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Locked Down: Information Security for Lawyers

Locked Down: Information Security for Lawyers

Book written by Sharon D. Nelson, David G. Ries, and John W. Simek

Book review by Christina Ayiotis 


FULL DISCLOSURE: I have known Sharon and John personally and professionally for more than a decade and consider them good friends. We have participated together on panels, spoken at the same conferences, and served on committees and boards of directors together. We have similar areas of expertise and civic commitment.  


Sharon, David and John published an important book on information security for lawyers and law firms three years ago. Given the number of law firm breaches since, it appears that few lawyers read or heeded their advice. Locked Down is an easy-to-read overview of why lawyers need to implement good information security, not just cybersecurity, and how. It is even more relevant today than when first published. This book belongs in the Cybersecurity Canon because it provides cybersecurity professionals context regarding the legal profession’s requirements and strategies for dealing with cyber and information risk and obligations.


Cybersecurity is such an important topic in the legal field that lawyers are starting to pay actual money to be a part of a brand-new Legal Services Information Sharing & Analysis Organization (sold to them by the FS-ISAC) [1]. While my fellow Cybersecurity Canon Committee member Ben Rothke wrote an Amazon review of this book in May 2013 [2], he did so from a Cybersecurity/IT professional’s perspective. My review will primarily be from the perspective of a Cyber Attorney, former Deputy General Counsel of a technology services multinational, Privacy Expert, Certified Records Manager and active member in good standing of the Virginia State Bar for 24 years.


When Locked Down was published, the American Bar Association (a private sector voluntary professional association with no lawmaking power or regulatory authority that relies on the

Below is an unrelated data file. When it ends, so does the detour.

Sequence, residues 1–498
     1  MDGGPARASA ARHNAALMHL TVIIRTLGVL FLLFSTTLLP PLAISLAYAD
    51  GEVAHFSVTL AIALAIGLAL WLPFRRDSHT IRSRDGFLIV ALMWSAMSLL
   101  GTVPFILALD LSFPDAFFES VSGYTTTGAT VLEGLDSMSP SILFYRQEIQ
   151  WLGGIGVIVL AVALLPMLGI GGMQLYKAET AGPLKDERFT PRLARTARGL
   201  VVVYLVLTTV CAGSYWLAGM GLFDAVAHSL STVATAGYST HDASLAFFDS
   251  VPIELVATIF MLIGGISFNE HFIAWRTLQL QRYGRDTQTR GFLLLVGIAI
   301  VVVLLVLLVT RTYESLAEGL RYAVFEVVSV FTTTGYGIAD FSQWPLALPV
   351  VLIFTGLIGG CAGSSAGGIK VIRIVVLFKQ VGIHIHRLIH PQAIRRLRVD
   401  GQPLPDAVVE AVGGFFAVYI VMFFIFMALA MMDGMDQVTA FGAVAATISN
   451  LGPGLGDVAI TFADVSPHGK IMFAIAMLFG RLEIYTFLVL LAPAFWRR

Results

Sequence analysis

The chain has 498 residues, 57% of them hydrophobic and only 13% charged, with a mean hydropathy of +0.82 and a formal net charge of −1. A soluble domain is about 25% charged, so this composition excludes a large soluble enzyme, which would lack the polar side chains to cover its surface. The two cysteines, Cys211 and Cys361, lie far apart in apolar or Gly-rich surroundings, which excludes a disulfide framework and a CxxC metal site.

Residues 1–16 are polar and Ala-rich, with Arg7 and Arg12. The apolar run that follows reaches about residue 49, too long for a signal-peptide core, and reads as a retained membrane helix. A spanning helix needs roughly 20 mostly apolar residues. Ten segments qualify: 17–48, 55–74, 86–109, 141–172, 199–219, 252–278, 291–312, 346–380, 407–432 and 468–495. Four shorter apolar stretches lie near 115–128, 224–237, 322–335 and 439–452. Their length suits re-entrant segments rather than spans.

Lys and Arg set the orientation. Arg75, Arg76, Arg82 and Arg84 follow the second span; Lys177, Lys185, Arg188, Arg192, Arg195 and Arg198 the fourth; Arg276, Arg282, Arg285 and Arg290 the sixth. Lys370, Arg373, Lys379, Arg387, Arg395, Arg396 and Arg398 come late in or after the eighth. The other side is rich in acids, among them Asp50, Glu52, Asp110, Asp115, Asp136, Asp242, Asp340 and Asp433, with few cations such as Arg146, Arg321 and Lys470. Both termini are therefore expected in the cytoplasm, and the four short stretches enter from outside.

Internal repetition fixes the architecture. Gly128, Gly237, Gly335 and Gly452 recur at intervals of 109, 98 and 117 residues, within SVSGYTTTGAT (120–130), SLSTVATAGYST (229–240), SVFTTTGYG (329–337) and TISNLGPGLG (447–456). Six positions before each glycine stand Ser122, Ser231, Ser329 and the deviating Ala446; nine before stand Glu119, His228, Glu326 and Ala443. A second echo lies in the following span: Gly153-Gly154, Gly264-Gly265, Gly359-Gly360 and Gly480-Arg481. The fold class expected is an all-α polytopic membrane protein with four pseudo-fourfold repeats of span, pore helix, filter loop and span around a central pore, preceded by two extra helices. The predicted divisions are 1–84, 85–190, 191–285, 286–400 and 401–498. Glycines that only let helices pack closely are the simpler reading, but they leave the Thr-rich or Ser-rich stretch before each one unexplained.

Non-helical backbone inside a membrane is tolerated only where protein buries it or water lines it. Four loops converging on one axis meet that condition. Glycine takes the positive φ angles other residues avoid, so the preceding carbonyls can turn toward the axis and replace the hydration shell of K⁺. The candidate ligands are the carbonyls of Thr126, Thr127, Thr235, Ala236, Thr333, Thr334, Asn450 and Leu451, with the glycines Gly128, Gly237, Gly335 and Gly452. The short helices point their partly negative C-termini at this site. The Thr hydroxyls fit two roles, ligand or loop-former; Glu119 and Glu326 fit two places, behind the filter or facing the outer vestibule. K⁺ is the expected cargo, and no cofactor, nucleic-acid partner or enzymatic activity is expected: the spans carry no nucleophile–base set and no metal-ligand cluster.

State Bars as an independent enforcement organization ) was still considering updates to its Model Rules of Professional Conduct that would bring them into the 21st Century. While those updates are now in effect, and they include being competent regarding the “benefits and risks associated with relevant technology,” there is little evidence that the more than one million lawyers in the U.S. have sufficiently educated themselves to be considered competent. Reading this book would be a good start. Then, taking it to their IT colleagues (or consultants, if they are solo or a small firm) and working together to understand how the various strategies are (or could be) implemented would be the next logical step.

While the book starts with “data breach nightmares,” it’s probably no longer necessary to start with fear. Information security is now a business imperative for clients, and they drive the requirements (most of which are conveniently explained). While it is 319 pages in total, the text runs only 170 pages; the rest of the book contains helpful Appendices and an Index.

Yes, lawyers have ethical obligations to keep client information confidential, but there are common law duties, as well as regulatory/statutory requirements for certain data types (that affect both lawyers and clients alike) and the authors provide that as background. The book then delves into all aspects of security (physical, information, cyber and personnel) and use real case studies to make their point. For example, the authors recount the horrifying and “amusing” story about Kevin Mitnick taking on a new identity as Eric Weiss, “the real name…of…Harry Houdini (sic)” to get a job as a systems administrator at a Denver law firm. Ironically, there has been an explosion of cybersecurity practices at law firms in the last few years—the shoemaker’s children excuse will definitely not work for them. It would not surprise me to see a day when a law firm is sued by a client because of a data breach and Locked Down is entered into evidence to demonstrate the “reasonable care” law firms should be taking with respect to security.